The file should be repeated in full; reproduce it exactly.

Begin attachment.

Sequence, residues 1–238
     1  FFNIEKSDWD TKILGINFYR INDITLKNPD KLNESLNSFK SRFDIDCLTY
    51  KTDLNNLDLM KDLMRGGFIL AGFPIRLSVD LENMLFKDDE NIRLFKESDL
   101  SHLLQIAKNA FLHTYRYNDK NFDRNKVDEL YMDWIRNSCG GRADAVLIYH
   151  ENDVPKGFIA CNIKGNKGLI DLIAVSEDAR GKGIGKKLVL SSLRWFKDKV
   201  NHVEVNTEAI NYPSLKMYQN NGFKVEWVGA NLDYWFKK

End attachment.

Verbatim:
Sequence, residues 1–238
     1  FFNIEKSDWD TKILGINFYR INDITLKNPD KLNESLNSFK SRFDIDCLTY
    51  KTDLNNLDLM KDLMRGGFIL AGFPIRLSVD LENMLFKDDE NIRLFKESDL
   101  SHLLQIAKNA FLHTYRYNDK NFDRNKVDEL YMDWIRNSCG GRADAVLIYH
   151  ENDVPKGFIA CNIKGNKGLI DLIAVSEDAR GKGIGKKLVL SSLRWFKDKV
   201  NHVEVNTEAI NYPSLKMYQN NGFKVEWVGA NLDYWFKK